LIZ VAN PAY

the ramblings of a music journalist and nearly-published author.

Archive for the ‘personal’ Category

FYI: I started a crafty blog!

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While it may seem like I’ve forgotten about writing, I haven’t – just haven’t been feeling real inspired to write lately. One thing thats’ taken over a big portion of my life, however, is my crafts, oddly enough! I’ve been building all kinds of stuff from scarves to cakes to even art pieces, and decided to throw it all onto a second blog (though don’t worry, this one isn’t going anywhere). You can find that blog here. Even if I’m not updating this blog too often, be happy to know that I’m likely knitting, sleeping or working, and I haven’t forgotten about this. If you’re interested in what I do craft-wise, or want to learn something new, check it out!

Written by Liz Van Pay

December 2, 2010 at 8:56 pm

One of my favorite haunts: Blackbird Bar, Milwaukee.

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A couple of weeks ago, I wrote a piece for Milwaukee Magazine’s Bar Time Contest, on one of my favorite spots in Milwaukee, Bay View’s Blackbird Bar. While the piece has not yet been posted on the website (and I’m not certain that it will be at all – selection can be a bitch), I felt it was worth posting right here on the ol’ blog. If I am selected for contention I will let everyone know – just because every vote counts! Let me know how you feel, and if you’ve patronized Blackbird, if you think I’m at least a little bit correct.

Small bars are a dime a dozen in Milwaukee, and most are downright forgettable. The scene plays out as it has so many times before: you walk in, grab a beer, and walk out – maybe you have a decent conversation with a stranger to pass time after a long work day or in an attempt to extend last night’s bender. At Bay View’s Blackbird Bar, leaving without a memorable experience and a smile on your face is not an option. Situated at 3007 South Kinnickinnic Avenue, it can be difficult to find unless you’re looking for it (as it can be best described as a storefront space), but once you do, you will have found your new favorite watering hole.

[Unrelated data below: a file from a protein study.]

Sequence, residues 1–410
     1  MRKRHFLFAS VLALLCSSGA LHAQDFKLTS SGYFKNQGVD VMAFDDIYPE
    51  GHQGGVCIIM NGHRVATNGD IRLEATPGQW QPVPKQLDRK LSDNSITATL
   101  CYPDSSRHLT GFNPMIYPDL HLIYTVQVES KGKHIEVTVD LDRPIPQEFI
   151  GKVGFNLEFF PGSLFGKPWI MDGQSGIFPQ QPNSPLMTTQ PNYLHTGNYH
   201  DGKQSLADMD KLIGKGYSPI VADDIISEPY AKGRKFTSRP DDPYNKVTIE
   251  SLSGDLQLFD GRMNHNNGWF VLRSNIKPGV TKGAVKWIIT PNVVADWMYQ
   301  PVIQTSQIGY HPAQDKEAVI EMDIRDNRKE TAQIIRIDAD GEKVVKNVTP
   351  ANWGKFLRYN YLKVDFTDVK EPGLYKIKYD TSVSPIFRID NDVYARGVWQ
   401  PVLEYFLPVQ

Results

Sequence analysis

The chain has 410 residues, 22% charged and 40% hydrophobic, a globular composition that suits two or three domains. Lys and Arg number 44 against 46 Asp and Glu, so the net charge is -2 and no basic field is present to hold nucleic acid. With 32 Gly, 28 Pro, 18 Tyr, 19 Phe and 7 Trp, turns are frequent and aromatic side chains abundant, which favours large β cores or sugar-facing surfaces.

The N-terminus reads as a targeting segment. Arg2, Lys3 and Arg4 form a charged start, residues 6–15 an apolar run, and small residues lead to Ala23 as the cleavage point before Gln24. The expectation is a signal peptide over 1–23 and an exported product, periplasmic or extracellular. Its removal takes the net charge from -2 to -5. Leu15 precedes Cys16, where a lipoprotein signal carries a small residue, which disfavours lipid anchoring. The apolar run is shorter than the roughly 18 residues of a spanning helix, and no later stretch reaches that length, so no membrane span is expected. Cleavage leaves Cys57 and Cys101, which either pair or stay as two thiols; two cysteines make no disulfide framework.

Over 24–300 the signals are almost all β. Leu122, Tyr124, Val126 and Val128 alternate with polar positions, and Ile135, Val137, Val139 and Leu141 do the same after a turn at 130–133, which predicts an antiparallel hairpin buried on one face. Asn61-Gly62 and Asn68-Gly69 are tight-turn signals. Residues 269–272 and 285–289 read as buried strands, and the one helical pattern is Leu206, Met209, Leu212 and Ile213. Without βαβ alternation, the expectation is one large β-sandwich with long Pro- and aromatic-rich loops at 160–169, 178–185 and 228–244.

Laid out in an open style with classic Milwaukee kitsch throughout, Blackbird is a non-discriminating hometown bar that makes you feel like part of the family just for walking in the door. With most drink specials under $5, these good times won’t break your bank, either. Happy Hour runs from 4-8 PM every day and offer $2 taps of Schlitz and Riverwest Stein, $3 microtaps and 2-4-1 well drinks. Find yourself going out for a drink a bit later in the day? Nightly specials are for you, beginning at 9 PM and changing on a regular basis. With twenty bucks in your pocket, you can get a great buzz going in a fun atmosphere with wonderful people from all walks of life. Any night of the week, you are assured great conversation. Sports fan? You can always just enjoy a beer while watching a Brewers game on one of two flat-screen televisions in the front bar area.

Speaking of the kitsch – there are large, intricate paintings of various blackbirds on the gold walls in the cozy back booth area. In the front bar, bright blue walls are complimented by gold lion statues circling the two large booths across from the long, padded (dare I say comfortable) bar. It seems like a small place from the outside, but spacious once you walk in the door. Depending on the nature of your visit – coming in to catch a post-work beer or with a group to celebrate a birthday or other event – there is ample and appropriate seating for either. Trying to pinpoint a genre for Blackbird is impossible, as there are always new faces and new goings-on that ensure boredom will never be a concern.

Looking for fun on a Thursday night? Every night from 7-9 PM, Blackbird hosts ‘Team Trivia’, a popular event in Bay View with prizes and snacks for attendees. Monday nights have been coined ‘Metal Mondays’ from 7-9, featuring – you guessed it – metal music and even more drink specials.